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Comment: Riding the 'green wave'

Comment: Riding the 'green wave'

Despite the current economic climate, it's time for some self-congratulation. With recent figures showing that average new car CO2 emissions fell by 5.5% in the first nine months of 2009, the current rate of reduction is now almost five times faster than it was only two years ago. It seems that the penny has finally dropped, and we are finally getting to grips with carbon emissions.

More than that, official figures released from the UK Dept for Business, Innovation and Skills show that the car scrappage scheme, hailed as saviour by the industry but initially criticised by environmentalists, has played its own important role in driving down emissions. New cars bought under the scheme are turning out to have CO2 emissions that are 27% lower than the cars scrapped.* Talk about riding a 'green wave', surfing doesn't get much better than this.

Of course, we all know that it's precisely because of the difficult economic times we find ourselves in, that new car CO2 has taken a tumble. First came the fuel price peaks of 2008 - in those distant heady days when oil was $140 a barrel - and then came the 'crunch'. In the new world order, just getting your hands on a new car, and keeping it on the road, is a major accomplishment. No wonder then that UK drivers are wising up to the benefits of owning a small fuel-efficient car, and (inadvertently in most cases) cutting their CO2 emissions.

While this wave has still got some forward momentum, perhaps now is a good time to take a 'bottom turn', and get consumers, fleet managers and the industry in the best position for the next manoeuvre. It's also time to review our progress so far and re-visit some of the issues we haven't had time to address while we've been avoiding a catastrophic wipe-out.

For a start, are we clear about how the end of the recession (when it comes) will impact on new car CO2 emissions? Will a return of credit and disposable income, and therefore larger cars, undo all the recent gains? With the end of the scrappage scheme and an increase in VAT in sight, a new set of policy drivers is heading our way – including the 'First Year' VED rates for new cars due in April 2010. How, we should be asking ourselves, will the change in policy environment affect the forward progress on CO2? One possible response (I would argue) is to look again at purchase incentives for low-carbon new cars – one that could take over from the scrappage scheme when it ends next year.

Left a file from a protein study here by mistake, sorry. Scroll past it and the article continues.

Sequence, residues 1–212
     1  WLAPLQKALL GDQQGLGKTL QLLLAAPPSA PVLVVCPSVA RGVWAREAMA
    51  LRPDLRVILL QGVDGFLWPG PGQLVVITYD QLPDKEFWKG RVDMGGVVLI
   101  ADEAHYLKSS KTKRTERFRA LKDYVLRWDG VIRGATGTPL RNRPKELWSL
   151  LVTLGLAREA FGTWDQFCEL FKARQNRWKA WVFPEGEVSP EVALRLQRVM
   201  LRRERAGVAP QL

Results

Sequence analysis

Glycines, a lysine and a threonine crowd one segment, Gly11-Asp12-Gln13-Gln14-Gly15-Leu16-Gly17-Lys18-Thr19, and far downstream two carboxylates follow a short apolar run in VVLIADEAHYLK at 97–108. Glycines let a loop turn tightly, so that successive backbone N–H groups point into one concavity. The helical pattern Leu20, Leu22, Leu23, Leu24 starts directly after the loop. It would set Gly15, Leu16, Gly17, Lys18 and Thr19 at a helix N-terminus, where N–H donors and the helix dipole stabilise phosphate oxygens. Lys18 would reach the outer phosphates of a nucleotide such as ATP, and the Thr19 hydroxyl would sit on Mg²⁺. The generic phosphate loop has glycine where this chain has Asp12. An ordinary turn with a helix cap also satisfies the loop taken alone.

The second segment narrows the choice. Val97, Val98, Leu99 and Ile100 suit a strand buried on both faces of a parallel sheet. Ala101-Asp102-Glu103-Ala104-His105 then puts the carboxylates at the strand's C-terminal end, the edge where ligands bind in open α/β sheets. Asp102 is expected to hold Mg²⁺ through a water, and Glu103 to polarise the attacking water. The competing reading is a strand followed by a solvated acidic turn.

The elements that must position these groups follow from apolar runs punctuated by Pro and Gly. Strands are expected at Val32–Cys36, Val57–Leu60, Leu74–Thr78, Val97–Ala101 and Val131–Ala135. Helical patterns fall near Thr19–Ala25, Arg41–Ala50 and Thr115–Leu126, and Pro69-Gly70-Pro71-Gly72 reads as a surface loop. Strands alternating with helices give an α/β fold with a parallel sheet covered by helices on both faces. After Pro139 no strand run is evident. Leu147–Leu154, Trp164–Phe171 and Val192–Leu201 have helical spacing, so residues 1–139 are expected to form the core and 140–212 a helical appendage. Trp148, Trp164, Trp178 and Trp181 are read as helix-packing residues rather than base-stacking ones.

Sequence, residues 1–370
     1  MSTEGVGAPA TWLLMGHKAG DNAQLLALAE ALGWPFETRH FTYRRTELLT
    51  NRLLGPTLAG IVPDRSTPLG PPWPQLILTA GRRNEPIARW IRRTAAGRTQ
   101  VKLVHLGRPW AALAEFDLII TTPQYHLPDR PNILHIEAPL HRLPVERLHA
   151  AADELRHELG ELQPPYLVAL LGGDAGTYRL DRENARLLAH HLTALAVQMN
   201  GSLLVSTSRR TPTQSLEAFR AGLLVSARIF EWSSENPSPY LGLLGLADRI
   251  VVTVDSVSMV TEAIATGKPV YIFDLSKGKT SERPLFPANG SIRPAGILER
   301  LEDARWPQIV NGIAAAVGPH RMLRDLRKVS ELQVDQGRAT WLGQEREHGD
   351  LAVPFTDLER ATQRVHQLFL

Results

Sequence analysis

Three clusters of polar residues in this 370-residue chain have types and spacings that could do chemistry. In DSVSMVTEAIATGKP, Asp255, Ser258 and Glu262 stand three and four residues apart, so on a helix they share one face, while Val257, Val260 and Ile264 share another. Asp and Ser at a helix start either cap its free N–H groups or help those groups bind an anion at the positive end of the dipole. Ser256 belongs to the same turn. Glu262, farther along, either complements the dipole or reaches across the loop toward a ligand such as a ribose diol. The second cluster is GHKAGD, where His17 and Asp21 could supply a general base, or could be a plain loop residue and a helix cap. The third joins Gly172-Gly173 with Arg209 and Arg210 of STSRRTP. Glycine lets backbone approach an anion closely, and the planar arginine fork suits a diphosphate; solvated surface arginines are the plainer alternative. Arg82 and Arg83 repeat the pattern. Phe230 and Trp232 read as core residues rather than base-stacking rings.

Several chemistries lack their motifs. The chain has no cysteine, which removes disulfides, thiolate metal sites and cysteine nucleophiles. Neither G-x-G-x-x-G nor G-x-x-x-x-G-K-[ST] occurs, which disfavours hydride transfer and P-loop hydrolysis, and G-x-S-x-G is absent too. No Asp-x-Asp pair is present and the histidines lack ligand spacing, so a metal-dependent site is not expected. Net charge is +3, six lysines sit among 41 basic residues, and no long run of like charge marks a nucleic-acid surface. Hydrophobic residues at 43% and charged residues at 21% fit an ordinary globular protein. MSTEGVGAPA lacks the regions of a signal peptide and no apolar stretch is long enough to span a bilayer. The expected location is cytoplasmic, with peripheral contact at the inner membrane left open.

There's also the thorny question of the CO2 emissions metric itself. While the 'New European Drive Cycle' has played a crucial role in motivating and monitoring CO2 reductions of new cars across the EU, it is now almost a decade old. The inexorable increase in engine power and its impact of 'real-world' (as opposed to test) emissions is well documented. The advent of new engine technologies such as plug-in hybrids, is also stretching the capability of the NEDC to adequately compare models' CO2 performance. If we want to be sure that this year's 5.5% fall in test emissions has actually resulted in a real-world cut in carbon, it's time put the NEDC to the test, and compare it with alternatives (such as ARTEMIS) that are gaining much interest from policy makers across the EU.

While the 'green wave' of 2009 will be remembered for years to come, it's now time to 'wax-up' and head out to the break to catch the next one...

©Dr Ben Lane, WhatGreenCar.com
Article also appears in November's edition of GreenFleet Magazine
*Updated 11/12/09

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